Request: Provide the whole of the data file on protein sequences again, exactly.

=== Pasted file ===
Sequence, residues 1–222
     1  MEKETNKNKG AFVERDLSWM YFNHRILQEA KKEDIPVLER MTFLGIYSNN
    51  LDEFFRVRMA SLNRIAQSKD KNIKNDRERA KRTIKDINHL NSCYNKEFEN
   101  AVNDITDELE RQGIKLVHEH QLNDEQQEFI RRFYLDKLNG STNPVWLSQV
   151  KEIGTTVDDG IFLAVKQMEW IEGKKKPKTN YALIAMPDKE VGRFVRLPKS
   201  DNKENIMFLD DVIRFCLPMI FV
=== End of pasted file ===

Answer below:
Sequence, residues 1–222
     1  MEKETNKNKG AFVERDLSWM YFNHRILQEA KKEDIPVLER MTFLGIYSNN
    51  LDEFFRVRMA SLNRIAQSKD KNIKNDRERA KRTIKDINHL NSCYNKEFEN
   101  AVNDITDELE RQGIKLVHEH QLNDEQQEFI RRFYLDKLNG STNPVWLSQV
   151  KEIGTTVDDG IFLAVKQMEW IEGKKKPKTN YALIAMPDKE VGRFVRLPKS
   201  DNKENIMFLD DVIRFCLPMI FV